Judicious chronicles of individual islands (Haiti, Cuba) emerge from a larger, bleak picture of an “invented paradise.”




How 500 years of European rule in the Caribbean helped determine the patterns of “human malfeasance” repeated globally to the present day.

In an ambitious work bringing together fragmented histories of more than 20 different islands across an area of 3,000 miles, journalist Gibson, a scholar of the Spanish Caribbean trained at Cambridge University, finds in the unifying theme of a colonial heritage the sobering legacy of exploitation, greed and inequality. A drive for “grain, gold and God” seized the first Portuguese explorers, while Christopher Columbus, infused in the work of Marco Polo, was so certain that he could navigate a passage to the East that when he landed at “San Salvador,” he was sure he had struck Polo’s Cipango—Japan. Yet this was not a land of Oriental splendor but rather islands occupied by humble indigenous peoples; nonetheless, “desire would triumph over reason,” which became a recurrent theme for hundreds of years. Sugar production—rendered profitable by the Portuguese and Genoese on the Atlantic islands of Madeira and the Canaries—was quickly established in these new colonies of the West Indies, along with tobacco, salt, coffee, cacao and, later, cotton. The distinctive and organized indigenous people were enslaved, killed by new diseases or converted, and new plants and animals were introduced, including farm animals, grapes and wheat (in addition to all manner of insects and microbes). A globalized factory system was thus put into place on Hispaniola, Cuba, Barbados and elsewhere, and the use of indentured servants was discarded in favor of African slaves. The hunger for luxury goods created a “growing global commodity chain” that would define the region, spurring world warfare and revolution once inequality between the haves and have-nots grew unsustainable. Bolstered by her travel experiences in St. Martin, Trinidad, Guyana and other places, Gibson delivers a useful, manageable history of the region.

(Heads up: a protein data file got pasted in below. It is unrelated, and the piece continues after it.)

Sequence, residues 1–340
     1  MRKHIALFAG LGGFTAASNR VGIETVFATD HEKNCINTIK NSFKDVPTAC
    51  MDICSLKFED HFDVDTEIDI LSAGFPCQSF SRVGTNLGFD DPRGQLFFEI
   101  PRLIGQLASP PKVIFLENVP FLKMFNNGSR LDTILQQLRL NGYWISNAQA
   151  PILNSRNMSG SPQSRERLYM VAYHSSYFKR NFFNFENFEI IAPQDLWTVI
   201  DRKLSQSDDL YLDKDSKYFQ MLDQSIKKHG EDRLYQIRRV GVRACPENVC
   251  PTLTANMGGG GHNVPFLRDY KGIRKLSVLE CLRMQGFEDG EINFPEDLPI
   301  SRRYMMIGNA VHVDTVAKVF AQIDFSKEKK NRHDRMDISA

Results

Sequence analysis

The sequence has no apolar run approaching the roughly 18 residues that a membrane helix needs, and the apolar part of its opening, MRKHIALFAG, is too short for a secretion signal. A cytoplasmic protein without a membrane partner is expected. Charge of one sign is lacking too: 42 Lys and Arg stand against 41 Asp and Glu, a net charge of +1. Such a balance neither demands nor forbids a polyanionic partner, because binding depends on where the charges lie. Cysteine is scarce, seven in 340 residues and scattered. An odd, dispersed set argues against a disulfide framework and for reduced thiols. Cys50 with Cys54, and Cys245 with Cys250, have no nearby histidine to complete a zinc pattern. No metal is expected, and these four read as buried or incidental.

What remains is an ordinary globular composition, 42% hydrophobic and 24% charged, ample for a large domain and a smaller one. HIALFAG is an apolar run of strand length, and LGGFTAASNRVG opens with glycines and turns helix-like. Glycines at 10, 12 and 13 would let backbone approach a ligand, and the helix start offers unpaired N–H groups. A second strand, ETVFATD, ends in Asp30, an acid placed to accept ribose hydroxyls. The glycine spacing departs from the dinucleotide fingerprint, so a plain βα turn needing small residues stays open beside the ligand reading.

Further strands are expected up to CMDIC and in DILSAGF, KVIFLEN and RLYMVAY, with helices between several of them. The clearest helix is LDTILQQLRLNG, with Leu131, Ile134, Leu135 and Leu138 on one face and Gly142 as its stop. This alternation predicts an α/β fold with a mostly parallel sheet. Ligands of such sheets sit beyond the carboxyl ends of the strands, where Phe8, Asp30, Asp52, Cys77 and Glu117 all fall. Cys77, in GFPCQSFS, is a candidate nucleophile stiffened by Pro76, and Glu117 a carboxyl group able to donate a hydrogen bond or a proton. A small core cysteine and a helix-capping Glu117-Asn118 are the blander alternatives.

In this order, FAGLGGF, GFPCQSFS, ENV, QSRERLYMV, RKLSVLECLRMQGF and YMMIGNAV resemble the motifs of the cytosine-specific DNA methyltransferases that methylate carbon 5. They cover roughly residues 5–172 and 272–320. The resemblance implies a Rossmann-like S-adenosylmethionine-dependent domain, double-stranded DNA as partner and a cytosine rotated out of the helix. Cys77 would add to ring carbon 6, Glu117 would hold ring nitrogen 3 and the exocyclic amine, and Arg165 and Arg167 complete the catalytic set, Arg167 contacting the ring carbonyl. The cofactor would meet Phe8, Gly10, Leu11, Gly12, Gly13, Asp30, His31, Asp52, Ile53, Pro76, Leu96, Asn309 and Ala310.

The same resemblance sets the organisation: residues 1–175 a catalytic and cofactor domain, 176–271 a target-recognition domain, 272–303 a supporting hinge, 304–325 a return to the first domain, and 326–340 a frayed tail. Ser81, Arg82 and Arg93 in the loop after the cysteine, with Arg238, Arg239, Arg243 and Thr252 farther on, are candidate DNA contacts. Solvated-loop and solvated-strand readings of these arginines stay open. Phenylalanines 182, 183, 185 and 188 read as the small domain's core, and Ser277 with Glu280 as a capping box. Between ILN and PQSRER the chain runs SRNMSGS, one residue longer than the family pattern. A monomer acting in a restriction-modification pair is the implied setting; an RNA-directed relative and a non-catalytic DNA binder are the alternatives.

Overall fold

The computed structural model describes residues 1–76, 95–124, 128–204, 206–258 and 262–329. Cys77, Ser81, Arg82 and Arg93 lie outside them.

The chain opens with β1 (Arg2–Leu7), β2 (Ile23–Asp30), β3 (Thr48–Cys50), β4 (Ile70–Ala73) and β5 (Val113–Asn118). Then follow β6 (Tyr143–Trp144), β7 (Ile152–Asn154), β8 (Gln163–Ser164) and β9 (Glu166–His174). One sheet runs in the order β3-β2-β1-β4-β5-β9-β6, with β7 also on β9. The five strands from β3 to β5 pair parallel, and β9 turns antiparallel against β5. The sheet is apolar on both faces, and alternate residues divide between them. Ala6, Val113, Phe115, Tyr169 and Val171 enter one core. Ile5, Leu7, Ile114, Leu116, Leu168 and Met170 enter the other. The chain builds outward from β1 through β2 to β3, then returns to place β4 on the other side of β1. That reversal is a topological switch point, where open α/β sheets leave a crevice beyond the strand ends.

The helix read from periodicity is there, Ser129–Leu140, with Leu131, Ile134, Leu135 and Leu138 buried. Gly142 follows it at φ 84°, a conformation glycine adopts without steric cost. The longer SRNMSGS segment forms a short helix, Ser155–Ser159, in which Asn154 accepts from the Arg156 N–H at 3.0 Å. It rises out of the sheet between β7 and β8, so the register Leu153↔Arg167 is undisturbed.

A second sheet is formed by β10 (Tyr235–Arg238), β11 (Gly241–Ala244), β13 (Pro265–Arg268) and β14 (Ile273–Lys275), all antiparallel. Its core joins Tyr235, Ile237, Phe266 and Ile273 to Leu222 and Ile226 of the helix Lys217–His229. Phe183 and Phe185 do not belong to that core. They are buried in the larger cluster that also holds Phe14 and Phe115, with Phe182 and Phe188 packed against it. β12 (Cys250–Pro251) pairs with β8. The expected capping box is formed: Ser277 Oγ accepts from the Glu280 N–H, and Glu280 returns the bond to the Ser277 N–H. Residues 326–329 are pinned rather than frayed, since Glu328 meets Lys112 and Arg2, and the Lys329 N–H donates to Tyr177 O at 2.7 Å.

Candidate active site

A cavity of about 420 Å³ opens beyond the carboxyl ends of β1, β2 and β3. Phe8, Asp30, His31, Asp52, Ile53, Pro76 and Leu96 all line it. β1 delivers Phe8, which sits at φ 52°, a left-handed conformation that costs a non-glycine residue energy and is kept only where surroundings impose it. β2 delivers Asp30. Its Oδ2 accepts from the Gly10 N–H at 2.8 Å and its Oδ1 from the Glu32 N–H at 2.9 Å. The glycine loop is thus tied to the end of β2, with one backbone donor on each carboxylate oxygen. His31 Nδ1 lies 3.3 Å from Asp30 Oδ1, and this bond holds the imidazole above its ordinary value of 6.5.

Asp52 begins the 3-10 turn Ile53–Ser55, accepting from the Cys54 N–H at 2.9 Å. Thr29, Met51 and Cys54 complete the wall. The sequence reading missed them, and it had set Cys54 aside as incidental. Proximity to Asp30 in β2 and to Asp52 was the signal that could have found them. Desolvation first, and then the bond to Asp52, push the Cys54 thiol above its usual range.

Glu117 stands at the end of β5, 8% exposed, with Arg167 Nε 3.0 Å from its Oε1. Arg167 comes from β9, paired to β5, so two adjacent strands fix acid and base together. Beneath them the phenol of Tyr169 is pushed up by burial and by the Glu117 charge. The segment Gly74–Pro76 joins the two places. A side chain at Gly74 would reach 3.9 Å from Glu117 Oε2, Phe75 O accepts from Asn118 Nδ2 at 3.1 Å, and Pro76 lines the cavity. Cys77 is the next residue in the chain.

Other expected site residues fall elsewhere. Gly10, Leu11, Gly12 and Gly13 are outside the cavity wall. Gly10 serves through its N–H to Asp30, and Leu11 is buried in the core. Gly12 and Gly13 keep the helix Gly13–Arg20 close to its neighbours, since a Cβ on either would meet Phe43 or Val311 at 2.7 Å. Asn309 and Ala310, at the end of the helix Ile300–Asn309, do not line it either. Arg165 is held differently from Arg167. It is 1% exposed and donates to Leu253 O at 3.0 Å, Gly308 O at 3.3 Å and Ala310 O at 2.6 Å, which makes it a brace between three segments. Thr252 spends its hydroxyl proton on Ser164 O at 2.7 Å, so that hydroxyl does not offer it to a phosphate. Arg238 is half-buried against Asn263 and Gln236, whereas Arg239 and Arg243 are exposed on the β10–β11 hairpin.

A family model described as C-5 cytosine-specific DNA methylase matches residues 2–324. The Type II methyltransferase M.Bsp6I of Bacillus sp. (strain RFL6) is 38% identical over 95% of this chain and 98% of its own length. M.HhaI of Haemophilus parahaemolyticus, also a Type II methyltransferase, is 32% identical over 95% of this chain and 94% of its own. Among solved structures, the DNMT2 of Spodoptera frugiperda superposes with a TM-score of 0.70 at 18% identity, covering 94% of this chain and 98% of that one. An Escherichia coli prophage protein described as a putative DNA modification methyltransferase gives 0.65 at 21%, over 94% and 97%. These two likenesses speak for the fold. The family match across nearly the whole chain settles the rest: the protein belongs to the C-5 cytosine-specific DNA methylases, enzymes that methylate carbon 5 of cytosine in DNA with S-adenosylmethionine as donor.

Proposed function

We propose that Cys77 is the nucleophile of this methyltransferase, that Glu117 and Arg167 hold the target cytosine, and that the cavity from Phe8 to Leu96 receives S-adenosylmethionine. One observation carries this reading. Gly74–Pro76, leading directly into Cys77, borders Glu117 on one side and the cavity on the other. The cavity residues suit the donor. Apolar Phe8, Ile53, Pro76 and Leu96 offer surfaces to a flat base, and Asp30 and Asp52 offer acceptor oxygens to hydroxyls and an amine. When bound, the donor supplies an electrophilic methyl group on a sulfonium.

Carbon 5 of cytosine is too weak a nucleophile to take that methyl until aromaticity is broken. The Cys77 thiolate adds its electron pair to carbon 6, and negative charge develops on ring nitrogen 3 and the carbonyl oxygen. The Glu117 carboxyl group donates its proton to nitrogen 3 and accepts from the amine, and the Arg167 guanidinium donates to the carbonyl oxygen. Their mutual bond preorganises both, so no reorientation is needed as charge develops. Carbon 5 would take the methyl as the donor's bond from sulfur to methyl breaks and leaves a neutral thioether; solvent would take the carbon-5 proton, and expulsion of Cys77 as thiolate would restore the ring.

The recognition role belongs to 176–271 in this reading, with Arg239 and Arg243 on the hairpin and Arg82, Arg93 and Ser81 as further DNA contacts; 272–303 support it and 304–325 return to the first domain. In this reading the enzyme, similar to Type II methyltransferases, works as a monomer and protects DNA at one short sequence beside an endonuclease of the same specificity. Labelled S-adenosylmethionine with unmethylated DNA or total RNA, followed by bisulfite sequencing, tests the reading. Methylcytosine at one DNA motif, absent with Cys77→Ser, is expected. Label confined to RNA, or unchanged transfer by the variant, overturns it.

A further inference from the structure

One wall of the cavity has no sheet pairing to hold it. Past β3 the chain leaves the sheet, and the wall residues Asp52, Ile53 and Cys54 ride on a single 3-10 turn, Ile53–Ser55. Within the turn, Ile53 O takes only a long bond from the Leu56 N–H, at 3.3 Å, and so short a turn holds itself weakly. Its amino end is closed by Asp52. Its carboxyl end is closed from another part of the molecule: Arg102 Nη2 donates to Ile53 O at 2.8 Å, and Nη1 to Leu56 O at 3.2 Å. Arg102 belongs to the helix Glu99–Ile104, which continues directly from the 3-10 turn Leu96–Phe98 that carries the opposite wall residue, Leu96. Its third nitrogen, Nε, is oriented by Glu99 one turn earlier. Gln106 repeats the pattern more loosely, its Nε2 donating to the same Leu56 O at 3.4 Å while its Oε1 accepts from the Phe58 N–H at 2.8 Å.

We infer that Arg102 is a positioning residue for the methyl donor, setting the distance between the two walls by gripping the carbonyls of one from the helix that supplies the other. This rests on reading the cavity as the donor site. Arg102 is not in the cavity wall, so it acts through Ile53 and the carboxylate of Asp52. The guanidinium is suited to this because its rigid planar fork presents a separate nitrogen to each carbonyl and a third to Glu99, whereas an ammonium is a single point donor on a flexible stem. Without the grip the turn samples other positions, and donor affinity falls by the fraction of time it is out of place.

Judicious chronicles of individual islands (Haiti, Cuba) emerge from a larger, bleak picture of an “invented paradise.”

Pub Date: Nov. 4, 2014

ISBN: 978-0-8021-2614-6

Page Count: 448

Publisher: Atlantic Monthly

Review Posted Online: Sept. 9, 2014

Kirkus Reviews Issue: Oct. 1, 2014

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The author's youthfulness helps to assure the inevitable comparison with the Anne Frank diary although over and above the...


Elie Wiesel spent his early years in a small Transylvanian town as one of four children. 

He was the only one of the family to survive what Francois Maurois, in his introduction, calls the "human holocaust" of the persecution of the Jews, which began with the restrictions, the singularization of the yellow star, the enclosure within the ghetto, and went on to the mass deportations to the ovens of Auschwitz and Buchenwald. There are unforgettable and horrifying scenes here in this spare and sombre memoir of this experience of the hanging of a child, of his first farewell with his father who leaves him an inheritance of a knife and a spoon, and of his last goodbye at Buchenwald his father's corpse is already cold let alone the long months of survival under unconscionable conditions.